We didn’t have anything in common; he was older, freer, bolder, and different. He had tattoos; he had a house, some money, and so many other things I wished I had. So, at least three times a week, for about 5 months, I had an escape.

I never wanted to go out, but he was an extrovert. I just wanted to sit in his house, watching movies, and eat junk. Sometimes he would go out with his friends and leave me there; I loved how his place was calm when I needed everything to go silent.

Although we were different, he provided what I needed, he fed me, he liked me, he was kind and gentle with me, and he gave me whatever I needed. I didn’t need much, just the freedom from the expectations and responsibilities my village placed on me.

He was a form of rebellion for a girl who couldn’t dare stay out past darkness. My dad said that the night belonged to hyenas, he was right, in all ways, but I loved darkness. I loved its power to make me invisible, to allow me to hold a boy’s hand without fear of rebuke.

That is why when I missed a government admission to a public university, I decided to look for a school somewhere away from my village. I looked at many places, but the minute I walked into the University of Embu, I knew that was where I wanted to go. I called my dad after my first visit, and like the wonderful support system that he was, he consented.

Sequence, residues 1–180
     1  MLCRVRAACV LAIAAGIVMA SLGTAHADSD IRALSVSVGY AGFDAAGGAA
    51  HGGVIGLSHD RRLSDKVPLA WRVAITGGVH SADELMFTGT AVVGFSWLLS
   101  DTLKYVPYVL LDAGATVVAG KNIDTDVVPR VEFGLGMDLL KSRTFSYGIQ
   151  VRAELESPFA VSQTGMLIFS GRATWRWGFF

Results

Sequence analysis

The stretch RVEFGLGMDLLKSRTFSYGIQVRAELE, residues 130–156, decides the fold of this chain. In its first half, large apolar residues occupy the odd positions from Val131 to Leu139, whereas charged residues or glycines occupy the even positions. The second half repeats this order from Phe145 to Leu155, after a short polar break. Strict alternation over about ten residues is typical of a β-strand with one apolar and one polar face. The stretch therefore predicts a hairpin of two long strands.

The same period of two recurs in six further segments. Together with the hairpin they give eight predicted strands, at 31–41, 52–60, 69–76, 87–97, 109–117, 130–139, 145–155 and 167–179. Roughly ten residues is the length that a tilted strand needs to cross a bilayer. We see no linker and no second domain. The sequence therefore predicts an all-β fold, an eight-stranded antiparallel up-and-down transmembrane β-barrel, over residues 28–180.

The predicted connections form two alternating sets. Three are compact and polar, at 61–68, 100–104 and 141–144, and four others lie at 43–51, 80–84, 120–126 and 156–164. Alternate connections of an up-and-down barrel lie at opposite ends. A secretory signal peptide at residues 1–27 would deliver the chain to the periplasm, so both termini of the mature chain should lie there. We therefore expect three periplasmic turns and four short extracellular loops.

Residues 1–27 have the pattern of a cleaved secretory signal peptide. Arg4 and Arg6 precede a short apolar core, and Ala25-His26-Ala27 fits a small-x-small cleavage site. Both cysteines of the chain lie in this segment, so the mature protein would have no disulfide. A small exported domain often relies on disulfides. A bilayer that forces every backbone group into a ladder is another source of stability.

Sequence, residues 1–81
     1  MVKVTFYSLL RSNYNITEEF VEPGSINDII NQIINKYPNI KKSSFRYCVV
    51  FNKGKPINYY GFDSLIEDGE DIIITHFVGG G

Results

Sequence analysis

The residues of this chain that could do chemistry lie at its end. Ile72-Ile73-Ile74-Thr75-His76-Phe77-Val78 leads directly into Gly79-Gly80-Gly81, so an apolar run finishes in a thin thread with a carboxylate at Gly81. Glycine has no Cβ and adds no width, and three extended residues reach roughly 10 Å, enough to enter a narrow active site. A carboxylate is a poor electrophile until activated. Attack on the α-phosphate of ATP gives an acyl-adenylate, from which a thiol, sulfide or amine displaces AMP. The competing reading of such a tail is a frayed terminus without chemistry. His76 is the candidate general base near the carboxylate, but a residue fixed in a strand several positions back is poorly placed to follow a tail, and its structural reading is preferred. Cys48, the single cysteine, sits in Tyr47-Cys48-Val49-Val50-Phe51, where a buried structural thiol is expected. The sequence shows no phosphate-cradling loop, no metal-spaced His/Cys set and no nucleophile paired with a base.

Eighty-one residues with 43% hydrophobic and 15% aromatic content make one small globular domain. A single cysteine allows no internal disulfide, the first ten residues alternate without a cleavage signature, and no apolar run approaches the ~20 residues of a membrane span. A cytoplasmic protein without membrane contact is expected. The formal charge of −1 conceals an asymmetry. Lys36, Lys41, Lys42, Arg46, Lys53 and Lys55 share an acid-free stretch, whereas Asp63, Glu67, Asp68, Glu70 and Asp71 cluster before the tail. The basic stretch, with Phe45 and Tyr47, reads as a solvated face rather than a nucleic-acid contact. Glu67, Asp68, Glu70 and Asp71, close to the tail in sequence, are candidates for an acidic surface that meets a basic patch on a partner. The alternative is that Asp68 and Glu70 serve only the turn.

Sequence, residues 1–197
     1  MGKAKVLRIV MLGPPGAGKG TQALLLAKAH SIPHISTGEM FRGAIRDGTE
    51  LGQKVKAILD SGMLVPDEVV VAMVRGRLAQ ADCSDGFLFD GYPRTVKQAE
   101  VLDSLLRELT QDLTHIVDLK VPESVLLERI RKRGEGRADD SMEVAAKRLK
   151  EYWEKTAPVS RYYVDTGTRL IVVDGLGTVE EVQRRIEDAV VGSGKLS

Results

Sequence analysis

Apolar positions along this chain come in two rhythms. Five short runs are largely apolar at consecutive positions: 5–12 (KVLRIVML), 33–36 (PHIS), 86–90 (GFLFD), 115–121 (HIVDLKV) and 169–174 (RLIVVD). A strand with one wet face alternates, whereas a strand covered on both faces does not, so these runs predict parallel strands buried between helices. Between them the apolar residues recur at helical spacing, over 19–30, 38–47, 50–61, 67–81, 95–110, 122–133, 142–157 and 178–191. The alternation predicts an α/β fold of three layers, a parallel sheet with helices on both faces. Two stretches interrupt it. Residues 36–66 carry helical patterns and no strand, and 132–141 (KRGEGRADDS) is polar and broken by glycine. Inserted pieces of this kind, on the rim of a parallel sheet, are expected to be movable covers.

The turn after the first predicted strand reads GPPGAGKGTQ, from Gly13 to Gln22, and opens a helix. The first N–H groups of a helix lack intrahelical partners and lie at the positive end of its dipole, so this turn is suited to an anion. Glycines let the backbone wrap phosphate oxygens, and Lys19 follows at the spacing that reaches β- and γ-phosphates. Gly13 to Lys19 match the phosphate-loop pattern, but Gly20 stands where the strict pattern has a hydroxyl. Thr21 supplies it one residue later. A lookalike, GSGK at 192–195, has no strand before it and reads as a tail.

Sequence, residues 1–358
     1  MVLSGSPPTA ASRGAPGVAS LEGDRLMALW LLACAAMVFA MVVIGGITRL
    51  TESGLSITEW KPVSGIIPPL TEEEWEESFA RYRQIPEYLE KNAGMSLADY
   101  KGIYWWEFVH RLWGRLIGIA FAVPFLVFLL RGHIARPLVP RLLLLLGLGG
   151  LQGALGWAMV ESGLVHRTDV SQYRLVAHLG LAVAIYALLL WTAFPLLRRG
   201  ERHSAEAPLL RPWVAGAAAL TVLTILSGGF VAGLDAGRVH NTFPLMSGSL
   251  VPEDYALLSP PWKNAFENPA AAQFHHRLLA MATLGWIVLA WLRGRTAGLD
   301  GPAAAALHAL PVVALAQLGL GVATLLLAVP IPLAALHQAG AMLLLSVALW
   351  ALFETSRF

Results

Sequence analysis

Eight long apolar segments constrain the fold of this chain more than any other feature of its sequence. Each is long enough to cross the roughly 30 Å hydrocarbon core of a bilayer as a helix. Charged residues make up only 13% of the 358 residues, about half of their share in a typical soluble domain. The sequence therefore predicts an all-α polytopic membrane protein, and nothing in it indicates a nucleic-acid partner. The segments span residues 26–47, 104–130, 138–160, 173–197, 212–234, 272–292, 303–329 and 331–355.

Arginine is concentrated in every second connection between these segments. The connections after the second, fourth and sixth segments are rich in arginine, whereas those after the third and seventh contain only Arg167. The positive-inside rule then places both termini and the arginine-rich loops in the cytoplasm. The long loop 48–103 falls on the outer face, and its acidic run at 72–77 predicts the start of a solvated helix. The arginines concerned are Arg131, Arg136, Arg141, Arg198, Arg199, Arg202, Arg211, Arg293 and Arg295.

He had to pay double the amount he expected because we had agreed that I start with a diploma, but the school was offering a degree. He was okay with that; he would have given me the world if he could.

After moving away, the long-distance issues were not worth it, so my only-ever boyfriend and I parted ways.

I have talked about why Embu is my home, and it has a lot to do with the freedom it gives me and how that freedom allowed me to be myself. I learnt to love who I was without societal restrictions, without worrying about what auntie you’ll bump into.

As time goes by, I have learnt to embrace who I am, and I wouldn’t go back to a place of judgment for anything. I am bolder and freer. This self-expression seeps into my writing, teaching, and living, even on social media. My self-awareness has allowed me to fight for students who were being assaulted and sexually harassed.